President Barack Obama said the water crisis in Flint, Michigan, serves as a reminder of why the country "can't shortchange basic services," addressing the water situation Wednesday for one of the first times in a public speech. The president traveled to the state Wednesday to look into what led to the contaminated water problem that plagues the Genesee County city, according to the White House.

"If I was a parent up there, I would be beside myself that my kids' health could be at risk," Obama told a crowd in Detroit. "That's why over the weekend I declared a federal emergency in Flint to send more resources."



Earlier this month, a state of emergency was called for the county after it was determined that the economically depressed city's water became contaminated after the city switched water supply companies in April 2014. Flint had bought its water from Lake Huron, through the city of Detroit, but terminated the relationship in order to save money, switching its water supply to the Flint River. After residents complained about the smell and look of the water, an investigation found high levels of iron in the river. Researchers found that the number of children with elevated lead levels in their blood doubled as a result of the crisis.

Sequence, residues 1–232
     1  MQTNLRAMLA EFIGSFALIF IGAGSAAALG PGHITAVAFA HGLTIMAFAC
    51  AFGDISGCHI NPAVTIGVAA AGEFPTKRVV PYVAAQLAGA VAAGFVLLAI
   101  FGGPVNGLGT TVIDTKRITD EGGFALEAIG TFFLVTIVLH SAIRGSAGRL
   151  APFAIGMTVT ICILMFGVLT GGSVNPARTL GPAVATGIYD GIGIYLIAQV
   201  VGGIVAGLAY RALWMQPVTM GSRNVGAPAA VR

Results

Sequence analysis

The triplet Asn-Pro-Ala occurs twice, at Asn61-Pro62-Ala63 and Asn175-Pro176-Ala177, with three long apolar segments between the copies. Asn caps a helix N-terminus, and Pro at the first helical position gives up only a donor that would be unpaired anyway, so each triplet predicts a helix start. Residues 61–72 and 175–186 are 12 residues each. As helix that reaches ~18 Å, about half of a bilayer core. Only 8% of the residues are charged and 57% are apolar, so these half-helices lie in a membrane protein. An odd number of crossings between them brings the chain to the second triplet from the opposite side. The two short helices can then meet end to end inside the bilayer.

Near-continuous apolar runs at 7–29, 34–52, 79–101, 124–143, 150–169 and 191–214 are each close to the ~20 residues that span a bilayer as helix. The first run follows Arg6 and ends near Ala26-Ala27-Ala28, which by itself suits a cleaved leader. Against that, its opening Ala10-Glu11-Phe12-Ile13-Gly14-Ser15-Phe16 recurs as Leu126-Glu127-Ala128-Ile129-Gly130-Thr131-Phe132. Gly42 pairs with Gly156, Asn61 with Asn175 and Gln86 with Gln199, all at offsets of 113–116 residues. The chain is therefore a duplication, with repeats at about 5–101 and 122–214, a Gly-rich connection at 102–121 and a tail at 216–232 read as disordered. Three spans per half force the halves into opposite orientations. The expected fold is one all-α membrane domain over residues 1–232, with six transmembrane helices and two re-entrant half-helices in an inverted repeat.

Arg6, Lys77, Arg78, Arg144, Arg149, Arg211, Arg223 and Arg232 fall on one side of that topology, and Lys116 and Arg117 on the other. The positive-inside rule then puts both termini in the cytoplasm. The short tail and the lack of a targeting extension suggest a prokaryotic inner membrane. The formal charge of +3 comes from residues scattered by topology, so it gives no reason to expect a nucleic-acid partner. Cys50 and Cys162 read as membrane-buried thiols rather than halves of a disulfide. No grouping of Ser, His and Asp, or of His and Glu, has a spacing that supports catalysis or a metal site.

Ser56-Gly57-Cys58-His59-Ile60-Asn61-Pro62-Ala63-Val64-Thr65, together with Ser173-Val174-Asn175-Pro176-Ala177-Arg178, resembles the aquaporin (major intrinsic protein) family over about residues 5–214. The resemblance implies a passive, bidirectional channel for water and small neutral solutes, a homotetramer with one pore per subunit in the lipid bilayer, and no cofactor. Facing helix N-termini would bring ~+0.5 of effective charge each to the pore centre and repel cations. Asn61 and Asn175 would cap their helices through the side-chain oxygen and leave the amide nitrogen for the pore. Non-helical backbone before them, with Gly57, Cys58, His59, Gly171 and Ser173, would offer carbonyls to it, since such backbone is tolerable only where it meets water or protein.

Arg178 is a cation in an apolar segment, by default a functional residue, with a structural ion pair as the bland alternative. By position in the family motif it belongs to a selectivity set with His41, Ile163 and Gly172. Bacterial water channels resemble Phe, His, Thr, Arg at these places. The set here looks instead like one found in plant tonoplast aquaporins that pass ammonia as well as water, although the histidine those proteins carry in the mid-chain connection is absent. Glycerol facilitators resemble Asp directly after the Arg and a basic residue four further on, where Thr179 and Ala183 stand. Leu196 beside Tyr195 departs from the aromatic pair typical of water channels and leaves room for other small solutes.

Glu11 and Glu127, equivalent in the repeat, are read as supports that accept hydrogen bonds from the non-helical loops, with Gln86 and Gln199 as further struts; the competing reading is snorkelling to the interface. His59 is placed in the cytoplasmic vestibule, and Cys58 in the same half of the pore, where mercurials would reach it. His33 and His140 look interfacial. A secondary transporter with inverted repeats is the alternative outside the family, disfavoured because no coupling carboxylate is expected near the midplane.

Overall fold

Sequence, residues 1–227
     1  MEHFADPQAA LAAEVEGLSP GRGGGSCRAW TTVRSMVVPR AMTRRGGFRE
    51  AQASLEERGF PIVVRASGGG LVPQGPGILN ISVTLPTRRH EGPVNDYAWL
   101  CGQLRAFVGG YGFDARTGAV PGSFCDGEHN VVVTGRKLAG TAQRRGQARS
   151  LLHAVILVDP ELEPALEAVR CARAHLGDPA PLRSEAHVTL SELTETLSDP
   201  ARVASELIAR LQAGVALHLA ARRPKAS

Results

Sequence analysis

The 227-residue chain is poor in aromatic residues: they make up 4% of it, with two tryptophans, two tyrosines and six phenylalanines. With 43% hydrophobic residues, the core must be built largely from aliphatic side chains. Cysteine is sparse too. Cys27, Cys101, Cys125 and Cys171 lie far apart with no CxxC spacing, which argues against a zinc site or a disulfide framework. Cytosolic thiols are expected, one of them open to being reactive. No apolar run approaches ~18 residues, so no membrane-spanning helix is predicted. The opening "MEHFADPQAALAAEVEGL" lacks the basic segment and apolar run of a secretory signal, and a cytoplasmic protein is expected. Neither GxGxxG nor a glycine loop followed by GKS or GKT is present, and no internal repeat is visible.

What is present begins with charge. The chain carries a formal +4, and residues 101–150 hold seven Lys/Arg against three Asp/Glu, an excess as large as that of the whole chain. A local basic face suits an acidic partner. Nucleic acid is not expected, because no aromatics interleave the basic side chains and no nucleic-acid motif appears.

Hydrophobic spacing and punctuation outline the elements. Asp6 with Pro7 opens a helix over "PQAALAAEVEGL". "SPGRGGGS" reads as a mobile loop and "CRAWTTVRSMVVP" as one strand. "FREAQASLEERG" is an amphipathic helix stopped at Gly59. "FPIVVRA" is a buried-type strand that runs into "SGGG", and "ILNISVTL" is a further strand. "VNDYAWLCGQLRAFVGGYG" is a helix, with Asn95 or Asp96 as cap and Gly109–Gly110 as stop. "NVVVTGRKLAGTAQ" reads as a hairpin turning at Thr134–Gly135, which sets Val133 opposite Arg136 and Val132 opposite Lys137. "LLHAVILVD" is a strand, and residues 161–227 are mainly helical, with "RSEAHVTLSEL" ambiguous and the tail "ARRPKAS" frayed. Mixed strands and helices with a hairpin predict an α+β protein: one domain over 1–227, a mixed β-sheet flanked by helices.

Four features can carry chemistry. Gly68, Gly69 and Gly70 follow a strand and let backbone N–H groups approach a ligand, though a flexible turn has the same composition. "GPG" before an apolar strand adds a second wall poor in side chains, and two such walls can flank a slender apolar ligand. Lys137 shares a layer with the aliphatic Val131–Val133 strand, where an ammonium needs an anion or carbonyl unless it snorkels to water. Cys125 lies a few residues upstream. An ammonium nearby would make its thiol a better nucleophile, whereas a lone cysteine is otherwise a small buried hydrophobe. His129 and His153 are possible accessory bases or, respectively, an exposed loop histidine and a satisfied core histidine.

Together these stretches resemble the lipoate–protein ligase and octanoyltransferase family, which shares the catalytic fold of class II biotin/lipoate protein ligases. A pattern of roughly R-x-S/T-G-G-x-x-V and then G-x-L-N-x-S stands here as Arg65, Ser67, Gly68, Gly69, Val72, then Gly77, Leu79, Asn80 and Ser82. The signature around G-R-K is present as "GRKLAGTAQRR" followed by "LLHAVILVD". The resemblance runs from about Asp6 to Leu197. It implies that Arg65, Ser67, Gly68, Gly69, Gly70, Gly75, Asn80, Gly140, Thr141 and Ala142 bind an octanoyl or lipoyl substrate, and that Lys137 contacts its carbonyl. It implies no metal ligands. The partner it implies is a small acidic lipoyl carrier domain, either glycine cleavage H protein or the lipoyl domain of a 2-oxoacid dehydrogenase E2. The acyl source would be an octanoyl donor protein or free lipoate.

The National Guard was activated Tuesday to help distribute water and filters, but state lawmakers have called for more federal assistance. The Michigan House of Representatives allocated $28 million in emergency funding Wednesday to mitigate the crisis, but Flint Mayor Karen Weaver estimates the damages suffered by residents and infrastructure could be between $1 billion and $1.5 billion, reported CNN.

"I'm glad the state is putting in resources and we welcome the Michigan National Guard with open arms," Flint Mayor Karen Weaver said in a statement. "However, we also need federal assistance as we continue to cope with this man-made water disaster."

Before the Detroit news conference, the White House told reporters that the president is committed to helping deal with the crisis, according to the Associated Press

"Clearly, the notification process is part of the problem here," White House spokesman Eric Schultz said. "The president is absolutely determined to figure out what went wrong, generally speaking."